Help Boston Terrier Trio Heal

////Help Boston Terrier Trio Heal
Help Boston Terrier Trio Heal2021-10-07T11:54:46-04:00

Our rescued Boston Terrier trio have faced the battle from their individual medical conditions with incredible courage. Receiving thorough veterinary care for the very first time, these adorable Terriers all exhibited the utmost patience and tolerance with their examinations, grateful to finally be in the caring, compassionate hands of people who won’t give up on them.

Sadly, after six-year-old Sweetheart (renamed Violet) had surgery to remove the large mass from her perineal region, it was found to be a high-grade mast cell tumor. While the excisional margins were clean, these tumors are aggressive. Our Senior Foster Care Program Coordinator, Jenna Martiello, brought Violet home so she could heal comfortably. Subsequently it was determined that Violet is not a candidate for PDA surgery because she is growing new tumors at an alarming rate. She was recently started on a new medication to treat her cancer, and nonetheless is in great spirits. “Violet has no idea she has any health issues,” Jenna said. “She wakes up happy every day and wiggles into bed with me. Violet enjoys meal time and frolicking around the backyard. You can tell she is a dog who wants to live, and as long as she wants to fight, we will be beside her.”

River (renamed Homer) rested in the care of a foster family until he could be scheduled for surgery. All the while, he endeared himself to foster mom, Rosemary — a longtime supporter of Animal League America. Once Homer was in recovery from his PDA procedure, Rosemary’s challenge became keeping this little bolt of lightning calm since Homer is full of energy. Rosemary tells us that “the amount of light and life he brings is truly special” and she cannot imagine her house without Homer in it. We are thrilled that she decided to adopt him!

The youngest, Winston – now known as Bentley, needs PDA surgery to correct his heart defect as well, but his body is too small for the procedure. Bentley is being nurtured in his own foster home, where he can be safe until he’s a little older. A puppy version of the Energizer Bunny, his family is trying to harness Bentley’s vigor with some basic obedience training. Bentley is loving his new life and lucky him — he won’t have to leave! His foster parents decided to make him an official family member too.

Violet, Homer, and Bentley were all on the edge of survival when they came to us, but now, in addition to fresh monikers, they have a fresh start with people who love them. Whether the animals who come to us are young, old, or have significant medical conditions, we continue to strive for all of them to have as many joyful days as they possibly can.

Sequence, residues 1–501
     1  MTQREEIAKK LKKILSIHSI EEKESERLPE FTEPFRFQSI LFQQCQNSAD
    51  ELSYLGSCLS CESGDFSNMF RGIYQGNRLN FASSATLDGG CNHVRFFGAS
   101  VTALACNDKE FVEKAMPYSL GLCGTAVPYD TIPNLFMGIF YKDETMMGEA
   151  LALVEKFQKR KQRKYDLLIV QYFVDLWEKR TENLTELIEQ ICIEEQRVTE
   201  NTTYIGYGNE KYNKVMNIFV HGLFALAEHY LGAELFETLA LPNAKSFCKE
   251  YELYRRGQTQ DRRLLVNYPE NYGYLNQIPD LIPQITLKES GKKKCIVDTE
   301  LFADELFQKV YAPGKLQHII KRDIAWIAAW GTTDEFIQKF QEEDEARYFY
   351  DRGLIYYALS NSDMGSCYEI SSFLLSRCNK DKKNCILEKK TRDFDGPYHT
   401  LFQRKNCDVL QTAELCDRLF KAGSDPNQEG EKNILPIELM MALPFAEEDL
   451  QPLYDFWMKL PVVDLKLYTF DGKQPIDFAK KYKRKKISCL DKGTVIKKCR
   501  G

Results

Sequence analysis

Help Heal Generations of Neglect for a Boston Terrier Family

Recently rescued by Animal League America, this multi-generational trio of Boston Terriers is in need of emergency medical treatment. Six-year-old Sweetheart, one-year-old River, and three-month-old Winston share the same lineage and are all suffering from the same life-threatening, hereditary condition. What these family members also share is an affectionate disposition and easy-going nature, despite the challenging circumstances they have endured.

Help Heal the Boston Terrier Trio

“Patent Ductus Arteriosus, or PDA, is a developmental problem of the heart,” explains Dr. Gerard Laheney, Senior Veterinarian at North Shore Animal League America. “The temporary ductus arteriosus vessel is supposed to close after birth. With PDA, it fails to close and causes extra blood to flow to the lungs, and increased stress on the heart and lungs.” Time is of the essence for these dogs, as the longer the condition is left untreated, the more likely it will result in permanent damage, including congestive heart failure.

Unfortunately, PDA is not the only condition that will need to be treated for these pups. Sweetheart also has a large, ulcerated tumor with concerning features on her perineum. Giving her anesthesia is too dangerous with a compromised heart, however, so her PDA must be addressed first. Winston’s “cherry eye”— the prolapse of an eyelid gland — is a common occurrence among certain dog breeds, and will be corrected with a surgical procedure.

Receiving thorough veterinary care for the very first time, these adorable Terriers all exhibited the utmost patience and tolerance with their handling and examinations, seemingly grateful to finally be in healing hands. Treating the critical issues for Sweetheart, River, and Winston requires an enormous financial expenditure, in addition to an extraordinary amount of time and attention.

At Animal League America we are committed to the care of these three special canines, and we won’t stop until they are healthy and ready for a new life with responsible, loving caregivers. It is what they deserve. Will you help?

Your donation today to our Help Me Heal Program will provide the urgent medical care needed to bring this Boston Terrier family back to health, so that they might live to bring joy to future families.